The court found that six out of seven directors who approved the transaction were not disinterested or independent because they:
- were management directors that benefited from the management incentive plan;
- represented the venture capital firms that were preferred stockholders; or
- had meaningful connections to preferred stockholders, including one of the supposed independent directors who had deep professional ties to the VC investors.
Central to this conclusion was the reality that the waterfall to distribute proceeds in connection with a liquidation event, such as a change of control transaction, inherently produced a tension between the preferred stockholders (sitting at the top of the waterfall) and the common stockholders (sitting at the bottom of the waterfall).
It did not help the board that evidently there had been little consideration given to the interests of the common stockholders in the record.
The court also found it troubling that the management incentive plan was structured in such a way so as to prioritize management over the common stockholders.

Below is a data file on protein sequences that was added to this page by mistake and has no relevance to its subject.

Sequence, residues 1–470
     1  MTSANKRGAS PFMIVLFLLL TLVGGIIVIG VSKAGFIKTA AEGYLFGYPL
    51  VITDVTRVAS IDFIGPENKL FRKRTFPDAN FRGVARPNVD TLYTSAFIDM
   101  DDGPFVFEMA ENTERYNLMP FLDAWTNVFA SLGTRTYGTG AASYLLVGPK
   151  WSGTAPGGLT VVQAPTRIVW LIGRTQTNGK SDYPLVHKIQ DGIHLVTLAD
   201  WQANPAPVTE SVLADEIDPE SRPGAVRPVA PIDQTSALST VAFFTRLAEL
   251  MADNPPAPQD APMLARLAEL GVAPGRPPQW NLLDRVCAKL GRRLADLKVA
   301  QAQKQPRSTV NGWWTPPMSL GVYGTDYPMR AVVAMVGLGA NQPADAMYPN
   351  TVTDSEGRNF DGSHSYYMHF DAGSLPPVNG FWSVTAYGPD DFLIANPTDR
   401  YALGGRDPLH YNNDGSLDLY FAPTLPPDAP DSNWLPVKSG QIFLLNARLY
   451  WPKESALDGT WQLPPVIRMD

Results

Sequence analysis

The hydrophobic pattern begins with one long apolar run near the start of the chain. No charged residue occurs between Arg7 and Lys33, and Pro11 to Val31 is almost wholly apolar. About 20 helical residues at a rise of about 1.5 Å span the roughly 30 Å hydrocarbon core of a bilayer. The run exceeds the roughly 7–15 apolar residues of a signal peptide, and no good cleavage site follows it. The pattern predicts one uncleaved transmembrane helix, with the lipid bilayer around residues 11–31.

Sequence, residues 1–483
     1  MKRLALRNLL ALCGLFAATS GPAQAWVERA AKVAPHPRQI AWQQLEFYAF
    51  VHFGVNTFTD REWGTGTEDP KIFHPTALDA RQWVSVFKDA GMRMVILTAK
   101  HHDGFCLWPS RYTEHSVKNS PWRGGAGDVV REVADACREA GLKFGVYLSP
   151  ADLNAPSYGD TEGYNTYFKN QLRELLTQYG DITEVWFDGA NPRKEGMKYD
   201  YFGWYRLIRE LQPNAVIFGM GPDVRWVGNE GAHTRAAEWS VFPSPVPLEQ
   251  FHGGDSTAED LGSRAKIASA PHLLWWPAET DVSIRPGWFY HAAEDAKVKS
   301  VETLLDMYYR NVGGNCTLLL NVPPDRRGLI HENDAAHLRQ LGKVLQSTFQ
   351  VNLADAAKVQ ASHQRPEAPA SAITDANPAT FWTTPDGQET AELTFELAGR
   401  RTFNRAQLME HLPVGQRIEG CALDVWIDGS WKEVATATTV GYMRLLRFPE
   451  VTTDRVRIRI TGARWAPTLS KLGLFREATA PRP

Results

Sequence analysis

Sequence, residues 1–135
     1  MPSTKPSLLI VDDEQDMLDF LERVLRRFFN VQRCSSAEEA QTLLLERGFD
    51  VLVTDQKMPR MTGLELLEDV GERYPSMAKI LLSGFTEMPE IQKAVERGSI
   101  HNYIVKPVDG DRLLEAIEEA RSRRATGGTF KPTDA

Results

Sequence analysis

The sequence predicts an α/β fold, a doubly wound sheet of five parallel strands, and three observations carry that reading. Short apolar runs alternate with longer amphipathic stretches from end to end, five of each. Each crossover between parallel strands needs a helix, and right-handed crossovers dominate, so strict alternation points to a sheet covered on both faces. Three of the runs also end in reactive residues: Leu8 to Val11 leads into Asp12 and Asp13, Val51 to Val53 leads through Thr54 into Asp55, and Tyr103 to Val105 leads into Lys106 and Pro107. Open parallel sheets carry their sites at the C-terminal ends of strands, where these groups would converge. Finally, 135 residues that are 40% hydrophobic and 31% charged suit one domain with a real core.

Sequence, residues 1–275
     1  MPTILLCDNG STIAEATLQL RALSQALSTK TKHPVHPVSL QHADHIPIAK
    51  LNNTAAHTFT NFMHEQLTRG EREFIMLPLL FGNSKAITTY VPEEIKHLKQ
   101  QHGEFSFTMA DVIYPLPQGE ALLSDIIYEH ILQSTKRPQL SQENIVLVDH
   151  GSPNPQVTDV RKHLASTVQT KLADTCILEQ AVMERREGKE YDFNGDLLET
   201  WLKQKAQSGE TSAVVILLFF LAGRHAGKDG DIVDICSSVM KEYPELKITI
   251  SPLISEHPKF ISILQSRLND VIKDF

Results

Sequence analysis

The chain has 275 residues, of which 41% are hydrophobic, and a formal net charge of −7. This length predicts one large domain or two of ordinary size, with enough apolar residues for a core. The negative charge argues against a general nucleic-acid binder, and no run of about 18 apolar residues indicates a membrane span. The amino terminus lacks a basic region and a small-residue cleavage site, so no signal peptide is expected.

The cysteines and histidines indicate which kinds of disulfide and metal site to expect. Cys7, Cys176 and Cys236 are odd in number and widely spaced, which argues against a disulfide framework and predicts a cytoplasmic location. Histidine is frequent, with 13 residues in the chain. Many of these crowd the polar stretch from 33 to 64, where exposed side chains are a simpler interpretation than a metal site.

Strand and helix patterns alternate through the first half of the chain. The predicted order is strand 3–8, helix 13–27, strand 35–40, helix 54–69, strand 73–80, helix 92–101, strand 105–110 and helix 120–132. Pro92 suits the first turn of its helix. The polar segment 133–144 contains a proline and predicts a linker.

Depositions suggested that certain of the directors failed to appreciate these conflicts, which may explain why the board failed to put in place any procedural protections, such as a special committee or majority-of-the-minority stockholder vote.
Although the court noted that such procedures are not necessarily required, the court concluded that the process was unfair given the other deficiencies.
In light of the overall valuation of the company however, the court determined that the common holders could not expect to receive anything given the preference of the preferred holders, and therefore, the price was fair.
The case is an important reminder that in certain circumstances, and notwithstanding an unfair process, a fair price may result in the court permitting the directors to escape liability.